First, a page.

Death sentence against ex-Egyptian president upheld

Egypt's deposed Islamist president Mohammed Morsi raises his hands from behind the defendant's cage as the judge reads out his verdict sentencing him and more than 100 other defendants to death at the police academy in Cairo May 16, 2015.

Khaled Desouki/AFP/Getty Images

Last Updated Jun 16, 2015 8:31 AM EDT

CAIRO - An Egyptian court upheld a death sentence handed to former President Mohammed Morsi -- the harshest ruling yet against Egypt's first democratically-elected president since he was overthrown by the military in 2013.

The ousted leader and five senior members of the now-banned Muslim Brotherhood, including its Supreme Guide, were sentenced to death by hanging after being convicted on charges of breaking out of prison during the 2011 uprising against former president Hosni Mubarak that eventually brought Morsi to power. At that time, he and other Muslim Brotherhood leaders had been imprisoned by Mubarak's security forces.

The judge sentenced 94 others to death in the same case in absentia.

In a separate ruling, the judge sentenced Morsi and 16 others to life in prison on charges of espionage, claiming that the former president and his top aides had "conspired with foreign powers in order to achieve their satanic goals."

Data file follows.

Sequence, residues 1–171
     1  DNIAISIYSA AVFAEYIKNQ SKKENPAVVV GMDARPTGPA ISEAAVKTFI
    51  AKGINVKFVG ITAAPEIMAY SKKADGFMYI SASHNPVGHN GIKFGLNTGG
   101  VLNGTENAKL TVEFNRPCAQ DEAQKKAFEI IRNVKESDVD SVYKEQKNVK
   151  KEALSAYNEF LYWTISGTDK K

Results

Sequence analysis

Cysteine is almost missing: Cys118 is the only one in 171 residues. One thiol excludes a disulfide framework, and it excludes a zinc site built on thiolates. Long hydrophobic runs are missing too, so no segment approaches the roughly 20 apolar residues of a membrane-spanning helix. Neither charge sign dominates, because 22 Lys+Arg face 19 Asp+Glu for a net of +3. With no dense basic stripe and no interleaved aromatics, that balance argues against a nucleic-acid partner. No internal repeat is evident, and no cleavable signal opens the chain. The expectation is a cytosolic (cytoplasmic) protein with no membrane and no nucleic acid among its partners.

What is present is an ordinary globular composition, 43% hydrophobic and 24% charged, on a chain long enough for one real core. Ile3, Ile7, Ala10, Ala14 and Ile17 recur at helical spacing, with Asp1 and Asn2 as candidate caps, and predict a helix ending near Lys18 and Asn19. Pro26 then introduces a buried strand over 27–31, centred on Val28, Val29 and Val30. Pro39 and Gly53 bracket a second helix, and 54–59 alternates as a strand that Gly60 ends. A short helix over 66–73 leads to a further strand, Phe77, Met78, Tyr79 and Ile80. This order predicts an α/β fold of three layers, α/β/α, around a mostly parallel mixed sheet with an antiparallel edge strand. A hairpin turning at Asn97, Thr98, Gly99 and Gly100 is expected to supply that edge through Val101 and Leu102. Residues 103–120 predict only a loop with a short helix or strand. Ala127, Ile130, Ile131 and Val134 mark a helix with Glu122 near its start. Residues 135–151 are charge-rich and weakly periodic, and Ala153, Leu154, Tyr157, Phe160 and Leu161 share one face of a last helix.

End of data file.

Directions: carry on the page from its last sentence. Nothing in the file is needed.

That case, known colloquially in Egypt as the "Espionage Trial", also saw 10 other defendants sentenced to death in absentia, among them a 28 year-old Oxford University student who worked in Morsi's press office and a public policy professor at the American University in Cairo.

Ever since Morsi was ousted by then-Defense Minister Abdelfattah Al-Sisi -- who has since gone on to become Egypt's strongman president -- his supporters and members of the Muslim Brotherhood have been subject to a heavy crackdown by security forces.

One of the most active and enthusiastic government institutions to participate in that crackdown has been the judiciary, known for its staunch anti-Islamist views and abhorrence of the Muslim Brotherhood.

Over the last two years, Egyptian judges have sentenced hundreds to death in mass trials that have been roundly criticized by human rights groups and the international community.

Inside the courtroom, Morsi appeared defiant, waving his hands aloft from within the courtroom defendants' cage once the verdict was read out.

His co-defendants' chants of "down with military rule" were just barely audible through the soundproof glass that encased their cage.

The sentences will be automatically appealed.